The power of social media once again came into play when a claim dispute was resolved after the insurer initially turned down a claim.
According to media reports, DA MP Cameron Mackenzie was shot and wounded during an attempted robbery in Midrand last week Wednesday. News24 reported that the injuries left his car covered in blood and he contacted his insurer to assess the extent of the damage.
Mackenzie told Fin24 that a call centre agent informed him that he was not covered for such an incident, and that his claim would not be processed. As a result, he took to social media to express his disappointment at the insurer’s position. “This is not just about me, it is about other people who have encountered similar problems with insurance companies,” he mentioned to Fin24.
The company has since retracted its position and offered an apology to Mackenzie, saying that the matter was escalated for further assessment, and the company had reached out to assist the client.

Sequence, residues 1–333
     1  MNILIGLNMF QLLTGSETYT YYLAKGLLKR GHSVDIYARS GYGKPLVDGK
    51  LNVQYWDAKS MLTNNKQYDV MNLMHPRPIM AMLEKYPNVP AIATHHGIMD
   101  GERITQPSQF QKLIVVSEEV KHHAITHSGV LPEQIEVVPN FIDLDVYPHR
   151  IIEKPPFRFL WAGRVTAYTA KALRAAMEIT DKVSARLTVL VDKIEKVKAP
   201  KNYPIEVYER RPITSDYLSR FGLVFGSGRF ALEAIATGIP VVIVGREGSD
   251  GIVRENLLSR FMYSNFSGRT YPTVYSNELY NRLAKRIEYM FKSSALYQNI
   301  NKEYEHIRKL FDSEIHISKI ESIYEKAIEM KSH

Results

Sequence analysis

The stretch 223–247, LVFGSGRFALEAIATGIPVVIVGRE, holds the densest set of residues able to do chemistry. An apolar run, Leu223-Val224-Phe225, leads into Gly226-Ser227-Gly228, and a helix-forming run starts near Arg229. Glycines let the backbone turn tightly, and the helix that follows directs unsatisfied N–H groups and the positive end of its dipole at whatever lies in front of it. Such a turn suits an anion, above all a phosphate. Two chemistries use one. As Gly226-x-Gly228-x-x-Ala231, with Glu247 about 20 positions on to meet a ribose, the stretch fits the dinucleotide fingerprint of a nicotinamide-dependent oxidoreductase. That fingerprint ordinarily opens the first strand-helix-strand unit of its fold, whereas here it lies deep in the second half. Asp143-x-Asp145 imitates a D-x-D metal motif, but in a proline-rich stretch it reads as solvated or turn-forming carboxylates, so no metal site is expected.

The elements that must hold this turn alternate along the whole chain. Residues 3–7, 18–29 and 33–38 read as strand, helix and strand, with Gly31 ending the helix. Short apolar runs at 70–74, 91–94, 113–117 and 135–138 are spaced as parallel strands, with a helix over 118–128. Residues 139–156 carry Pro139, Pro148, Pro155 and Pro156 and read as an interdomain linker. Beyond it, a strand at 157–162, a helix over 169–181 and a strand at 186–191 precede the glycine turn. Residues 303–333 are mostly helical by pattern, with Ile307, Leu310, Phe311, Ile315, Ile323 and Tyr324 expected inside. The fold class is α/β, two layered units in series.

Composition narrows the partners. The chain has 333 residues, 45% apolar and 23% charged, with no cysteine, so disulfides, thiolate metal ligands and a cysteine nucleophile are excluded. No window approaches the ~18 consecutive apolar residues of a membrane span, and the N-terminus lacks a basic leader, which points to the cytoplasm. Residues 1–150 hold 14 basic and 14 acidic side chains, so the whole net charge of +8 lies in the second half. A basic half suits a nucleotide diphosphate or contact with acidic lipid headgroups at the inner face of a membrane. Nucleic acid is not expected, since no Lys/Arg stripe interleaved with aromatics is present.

Ramifications of the rise of social media and impact on insurance claims have truly become a talking point. At the end it still however boils down to basics, both consumer and insurer should dot the i’s and cross the t’s – both have obligations and rules to abide by.
The public outcry via social media in instances such as these will increase over time, and product providers will continue to buckle under this pressure to minimise damage to the brand. Regulatory calls for simplified policy wording will weaken the legal base on which companies relied on in the past. The danger increases that, where such instances arise, the messenger, in the form of the adviser, will have to bear the brunt for not disclosing material conditions of the contract. Hopefully, some of the proposals under the RDR will distribute liability more equally in future.
Click here to read the Fin24 article.